Ronald Reagan has completed selection of his Cabinet nominees and will be able to announce all but two of them on Monday, informed sources said last night.

The president-elect's choice for secretary of housing and urban development is said to be Samuel R. Pierce Jr., a former New York judge and the first black to sit on the boards of directors of two major corporations.

Pierce, whose name had not come up in previous Cabinet speculation, visited Reagan on Thursday. That same day Philip V. Sanchez, who reportedly was Reagan's first choice for HUD, withdrew his name from consideration.

Pierce, 58, was general counsel of the Treasury Department during the Nixon administration, and has held a variety of business posts, including governor of the American Stock Exchange. He has not been identified with civil rights groups.

The announcement of two of Reagan's choices, including the nominee for secretary of agriculture, will not be made Monday because their security and conflict-of-interest checks have not been completed, sources said. s

Reagan settled on a nominee for secretary of agriculture after meeting in California on Thursday with Richard Lyng, a former president of the American Meat Instiute, and John L. Block, Illinois' secretary of agriculture. It was not known which man Reagan selected.

The withdrawals of Sanchez and earlier of Thomas Sowell, a conservative black economist who said he was offered a Cabinet post identified by transition sources as secretary of education, had frustrated Reagan's aides in their attempts to recruit minorities.

Former South Carolina governor James Edwards is expected to be Reagan's choice for secretary of energy. And Georgetown University Prof. Jeane J. Kirkpatrick remained the leading candidate for the Cabinet-level post of ambassador to the United Nations, according to transition sources.

Reagan's choice for interior secretary, James Watt of Colorado, was the subject of a surge of rumors yesterday that the president-elect was rethinking his choice in the face of a tough campaign of opposition from environmentalists. But this was denied by senior Reagan officials.

"We're still going strongly for Jim," one well-placed official said. "We're going to hang tough."

The head of Reagan's Interior Department transition team, Richard Richards, was said to be traveling to Colorado this weekend with a batch of transition briefing papers to help Watt prepare for Senate confirmation hearings.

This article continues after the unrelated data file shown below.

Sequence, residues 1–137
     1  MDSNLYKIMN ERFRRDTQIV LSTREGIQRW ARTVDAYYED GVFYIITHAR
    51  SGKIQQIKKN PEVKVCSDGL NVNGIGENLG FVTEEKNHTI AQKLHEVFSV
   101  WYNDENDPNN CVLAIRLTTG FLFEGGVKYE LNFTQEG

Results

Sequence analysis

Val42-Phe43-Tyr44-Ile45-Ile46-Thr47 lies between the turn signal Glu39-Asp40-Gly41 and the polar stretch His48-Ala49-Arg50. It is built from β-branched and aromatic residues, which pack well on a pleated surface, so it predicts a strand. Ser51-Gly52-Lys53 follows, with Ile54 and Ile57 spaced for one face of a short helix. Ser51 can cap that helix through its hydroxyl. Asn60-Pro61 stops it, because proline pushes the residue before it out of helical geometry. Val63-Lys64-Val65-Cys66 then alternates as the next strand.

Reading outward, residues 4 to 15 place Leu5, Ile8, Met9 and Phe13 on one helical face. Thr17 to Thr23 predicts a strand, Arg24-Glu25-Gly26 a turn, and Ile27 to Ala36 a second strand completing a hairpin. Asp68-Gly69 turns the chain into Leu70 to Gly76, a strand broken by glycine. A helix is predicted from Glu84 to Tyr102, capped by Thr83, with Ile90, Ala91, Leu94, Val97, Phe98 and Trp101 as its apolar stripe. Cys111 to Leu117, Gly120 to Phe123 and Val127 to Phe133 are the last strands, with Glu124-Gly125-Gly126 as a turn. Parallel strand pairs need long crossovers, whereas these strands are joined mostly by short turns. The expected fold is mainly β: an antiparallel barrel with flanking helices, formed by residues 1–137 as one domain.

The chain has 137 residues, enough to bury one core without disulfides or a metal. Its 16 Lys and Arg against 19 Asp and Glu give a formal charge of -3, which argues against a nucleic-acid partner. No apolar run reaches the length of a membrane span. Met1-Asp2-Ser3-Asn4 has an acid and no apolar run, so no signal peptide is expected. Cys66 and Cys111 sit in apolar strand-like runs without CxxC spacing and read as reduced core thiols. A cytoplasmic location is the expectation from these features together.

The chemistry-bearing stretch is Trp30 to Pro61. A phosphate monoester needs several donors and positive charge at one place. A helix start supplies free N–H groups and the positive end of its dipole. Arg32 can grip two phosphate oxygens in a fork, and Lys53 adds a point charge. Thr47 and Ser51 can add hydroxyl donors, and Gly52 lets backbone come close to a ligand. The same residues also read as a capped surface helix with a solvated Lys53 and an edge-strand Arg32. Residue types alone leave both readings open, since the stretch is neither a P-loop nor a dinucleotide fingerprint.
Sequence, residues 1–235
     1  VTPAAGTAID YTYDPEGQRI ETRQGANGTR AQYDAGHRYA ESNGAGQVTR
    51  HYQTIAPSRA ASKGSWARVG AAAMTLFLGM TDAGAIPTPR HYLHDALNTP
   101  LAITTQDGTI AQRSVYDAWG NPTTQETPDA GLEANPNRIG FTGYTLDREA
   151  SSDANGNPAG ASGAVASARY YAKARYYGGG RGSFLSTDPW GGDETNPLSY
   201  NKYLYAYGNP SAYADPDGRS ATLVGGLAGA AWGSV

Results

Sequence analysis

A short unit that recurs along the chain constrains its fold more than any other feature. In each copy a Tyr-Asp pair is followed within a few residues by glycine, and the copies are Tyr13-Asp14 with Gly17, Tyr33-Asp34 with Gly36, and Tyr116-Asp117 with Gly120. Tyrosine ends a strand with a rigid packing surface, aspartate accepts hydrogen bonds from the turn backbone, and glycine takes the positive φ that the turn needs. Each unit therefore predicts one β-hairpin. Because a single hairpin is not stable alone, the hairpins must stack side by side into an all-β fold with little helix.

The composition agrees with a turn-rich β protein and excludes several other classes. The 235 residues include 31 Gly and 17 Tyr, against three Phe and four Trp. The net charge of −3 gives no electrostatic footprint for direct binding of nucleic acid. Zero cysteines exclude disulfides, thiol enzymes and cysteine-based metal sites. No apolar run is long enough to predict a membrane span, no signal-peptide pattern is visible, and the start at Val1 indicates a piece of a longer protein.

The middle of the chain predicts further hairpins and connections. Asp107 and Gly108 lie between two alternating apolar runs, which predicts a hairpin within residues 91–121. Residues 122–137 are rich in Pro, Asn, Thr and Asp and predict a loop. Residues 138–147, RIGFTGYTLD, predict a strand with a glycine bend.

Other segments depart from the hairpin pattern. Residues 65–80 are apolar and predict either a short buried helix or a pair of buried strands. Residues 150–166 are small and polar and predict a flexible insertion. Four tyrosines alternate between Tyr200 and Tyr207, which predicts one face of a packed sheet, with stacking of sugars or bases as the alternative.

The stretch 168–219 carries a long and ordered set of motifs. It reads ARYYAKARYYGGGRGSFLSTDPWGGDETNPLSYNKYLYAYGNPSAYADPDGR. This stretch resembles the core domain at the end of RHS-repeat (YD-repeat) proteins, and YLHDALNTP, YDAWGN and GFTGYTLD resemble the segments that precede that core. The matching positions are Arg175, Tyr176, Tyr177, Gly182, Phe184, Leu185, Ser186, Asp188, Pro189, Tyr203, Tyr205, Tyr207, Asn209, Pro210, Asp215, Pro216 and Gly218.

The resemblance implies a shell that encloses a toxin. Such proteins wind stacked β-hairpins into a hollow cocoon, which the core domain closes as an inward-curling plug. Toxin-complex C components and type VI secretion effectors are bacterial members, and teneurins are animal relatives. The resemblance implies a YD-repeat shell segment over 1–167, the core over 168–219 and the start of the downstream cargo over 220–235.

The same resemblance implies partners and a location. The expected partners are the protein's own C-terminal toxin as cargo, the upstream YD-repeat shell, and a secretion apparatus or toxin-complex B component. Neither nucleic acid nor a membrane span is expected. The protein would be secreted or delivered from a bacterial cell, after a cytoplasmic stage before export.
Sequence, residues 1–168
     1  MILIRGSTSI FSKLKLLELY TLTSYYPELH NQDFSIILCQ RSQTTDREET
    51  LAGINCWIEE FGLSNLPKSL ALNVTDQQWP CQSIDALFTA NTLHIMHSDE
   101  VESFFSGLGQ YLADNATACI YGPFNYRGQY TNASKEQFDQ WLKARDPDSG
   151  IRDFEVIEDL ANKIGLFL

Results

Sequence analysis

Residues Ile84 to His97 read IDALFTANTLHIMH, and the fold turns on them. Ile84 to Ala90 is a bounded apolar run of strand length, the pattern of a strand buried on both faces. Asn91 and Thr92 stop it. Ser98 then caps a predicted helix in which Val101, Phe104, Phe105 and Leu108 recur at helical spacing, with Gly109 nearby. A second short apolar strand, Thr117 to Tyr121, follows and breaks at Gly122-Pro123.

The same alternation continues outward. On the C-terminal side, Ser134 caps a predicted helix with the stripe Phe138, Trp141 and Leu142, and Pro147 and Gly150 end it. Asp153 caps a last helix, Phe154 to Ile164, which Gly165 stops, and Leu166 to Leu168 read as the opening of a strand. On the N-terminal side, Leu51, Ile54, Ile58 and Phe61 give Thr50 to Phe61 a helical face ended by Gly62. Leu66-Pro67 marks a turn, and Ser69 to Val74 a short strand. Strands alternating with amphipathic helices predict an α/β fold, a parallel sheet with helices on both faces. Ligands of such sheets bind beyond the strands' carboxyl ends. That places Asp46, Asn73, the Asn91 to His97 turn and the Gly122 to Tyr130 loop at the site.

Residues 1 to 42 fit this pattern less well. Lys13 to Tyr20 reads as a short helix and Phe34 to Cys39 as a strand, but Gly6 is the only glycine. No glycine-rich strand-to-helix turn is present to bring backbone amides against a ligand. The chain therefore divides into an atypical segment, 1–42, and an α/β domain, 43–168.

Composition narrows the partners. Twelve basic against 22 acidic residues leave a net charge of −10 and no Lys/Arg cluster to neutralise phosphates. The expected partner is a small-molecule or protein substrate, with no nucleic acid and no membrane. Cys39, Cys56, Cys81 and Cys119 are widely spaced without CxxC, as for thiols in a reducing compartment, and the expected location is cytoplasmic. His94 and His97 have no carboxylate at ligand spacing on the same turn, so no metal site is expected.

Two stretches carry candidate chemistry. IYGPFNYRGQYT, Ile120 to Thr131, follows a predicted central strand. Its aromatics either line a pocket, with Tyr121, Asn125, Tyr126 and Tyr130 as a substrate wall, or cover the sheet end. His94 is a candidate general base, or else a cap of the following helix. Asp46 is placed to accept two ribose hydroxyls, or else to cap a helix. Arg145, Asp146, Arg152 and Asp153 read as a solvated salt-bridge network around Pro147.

Richards was traveling with not only good news for Watt, but also good news of his own. Reagan telephoned yesterday, according to an informed transition source, and formally told Richards he was supporting him to be the new chairman of the Republican National Committee, as previously reported in The Washington Post.

Watt has taken a number of stands against environmentalist interests and against benefits to the handicapped, aged, and underprivileged, in his role as the head of a legal action group.

Vice President-elect George Bush, meanwhile, has been assured of a seat close to the seat of power in the White House. According to informed sources, Reagan will continue the precedent set by his predecessor, Jimmy Carter, of providing the vice president with an office in the west wing of the White House, just down the corridor from the Oval Office, rather than housing the vice president in the adjacent Old Executive Office Building. Bush will move into the office presently occupied by Vice President Mondale, these sources said.

Meanwhile, transition team officials denied yesterday that Reagan plans to fire Gen. David C. Jones as chairman of the Joint Chiefs of Staff.

Questions about the general's future were generated by a Washington Star story asserting that Reagan's defense transition team had recommended dumping Jones and that Reagan himself plans to do this.

William Van Cleave, head of the defense transition team, told the Post yesterday in an interview in his temporary Pentagon office:

"We've made no recommendation and have not been asked for any recommendation" regarding Jones. "No one on my staff has sent any recommendation to me. I would know about it if any such recommendation had been made. We run a tight ship here."

Some conservatives have assailed Jones for his alleged softness on defense, citing his support of the Panama Canal Treaty and the pending arms control treaty known as SALT II.

James Brady, spokesman for the Reagan transition team, said that "I know Ronald Reagan has made no decision regarding Gen. Jones. I might add it is a term appointment, like the FBI." Since the Reagan team intends to allow the FBI director to finish his term, some observers viewed Brady's comparison as a solid indication that the president-elect would allow Jones to finish his two-year term as well.

Jones was named to a term that began last June. The Senate Armed Services Committee confirmed him on a 12-to-1 vote, with only Gordon Humphrey (R-N.H.) against him. An aide to Gen. Jones said yesterday that the chairman of the Joint Chiefs intends to finish his two-year term and will not resign voluntarily. However, Jones does serve at the pleasure of the president and thus could be fired by Reagan. A number of senior congressional staffers have advised transition team members against this course, arguing it would set a bad precedent of politicizing the Joint Chiefs of Staff.